>> possible to take pictures in very dim light, that was not possible
    >> before with film. is that complete bullshit or is it true? Let's
    >> ignore IS here, since it gives you one more stop regardless of what's
    >> behind it, film or CMOS...

    >
    > The main point I pull out of your post is that 450mm f/2.8 never
    > existed before (35mm) so this is new ground ... yeah, sort of. (Using
    > a TC, the aperture is constant but the FL is longer resulting in a
    > high f. no.).
    >
    > f/2.8 is better than say f/4.5 but it's not like it has magic light
    > gathering powers... film or digital...
    > you are correct on the low noise issue, shooting low (or any) light /
    > hi iso with the digital will be less noisy than the film counterpart.
    > But bring a sturdy tripod and use MLU if you can.
    >
    > What should really blow your socks is a 600mm f/4 becomes a 900
    > f/4....



    On the 10D the effective focal length multiplier is 1.6, combined with a
    400 f2.8 IS from canon you effectively have a 640mm with f2.8 and IS.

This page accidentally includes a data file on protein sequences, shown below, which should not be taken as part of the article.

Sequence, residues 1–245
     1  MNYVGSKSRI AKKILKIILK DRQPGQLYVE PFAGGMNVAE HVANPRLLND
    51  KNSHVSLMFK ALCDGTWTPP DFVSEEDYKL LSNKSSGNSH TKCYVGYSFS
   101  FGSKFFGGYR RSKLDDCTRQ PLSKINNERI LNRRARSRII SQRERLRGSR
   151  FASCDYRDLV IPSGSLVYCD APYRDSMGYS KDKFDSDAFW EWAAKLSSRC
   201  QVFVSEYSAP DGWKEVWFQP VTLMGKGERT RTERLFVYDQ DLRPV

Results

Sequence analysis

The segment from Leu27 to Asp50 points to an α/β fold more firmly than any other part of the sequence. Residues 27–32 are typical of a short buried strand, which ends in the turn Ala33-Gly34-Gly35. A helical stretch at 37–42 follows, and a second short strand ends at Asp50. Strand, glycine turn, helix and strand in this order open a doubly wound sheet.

Think about the low light hand held ability of that! (but don’t think
    about the cost)

    Of course if Canon released a 16MPix full frame D-SLR with the same or
    better low noise levels then you still have the same thing because you
    could crop and still have 6MPix of data (this is exactly what you get with
    the 10D except you don’t have the option not to crop).



    --
    Mark Heyes (New Zealand)
    See my pics at http://homepages.ihug.co.nz/~markh/
    "There are 10 types of people, those that
    understand binary and those that don't"
     
    MarkH, Nov 2, 2003
    #10
  11. chibitul

    chibitul Guest

    In article <bo3vjs$1o2$>,
    (Ray Fischer) wrote:

    > Todd Walker <> wrote:
    > > says...

    >
    > >> Wherever did you get the idea 10Ds were "low noise" at ISO 1600?

    > >
    > >The 10D has lower noise at 1600 than any other DSLR except maybe the
    > >Fuji S2. And high speed film can't even touch the noise performance of
    > >the 10D or S2.

    >
    > "Lower" is not synonymous with "low". There's a fair bit of noise at
    > ISO 1600.


    Grammatically you are correct. I said "low noise" when I should have
    said "lower noise than film". By hey, English is my second language...
    would that be an acceptable excuse???
     
    chibitul, Nov 2, 2003
    #11
  12. chibitul wrote:

    > Hi,
    >
    > I was reading an article and one of the points of dSLR with small
    > sensors (such as 1.5 conversion factor) was that an 300mm/f2.8 becomes
    > effectively an 450mm f/2.8: the effective focal length (angle of view
    > changes) but the f number stays the same.
    >
    > So this ot me thinking: with the low noise of Canon 10D at ISO 1600 and
    > this increased focal length (from 300 to 450) it should be possible to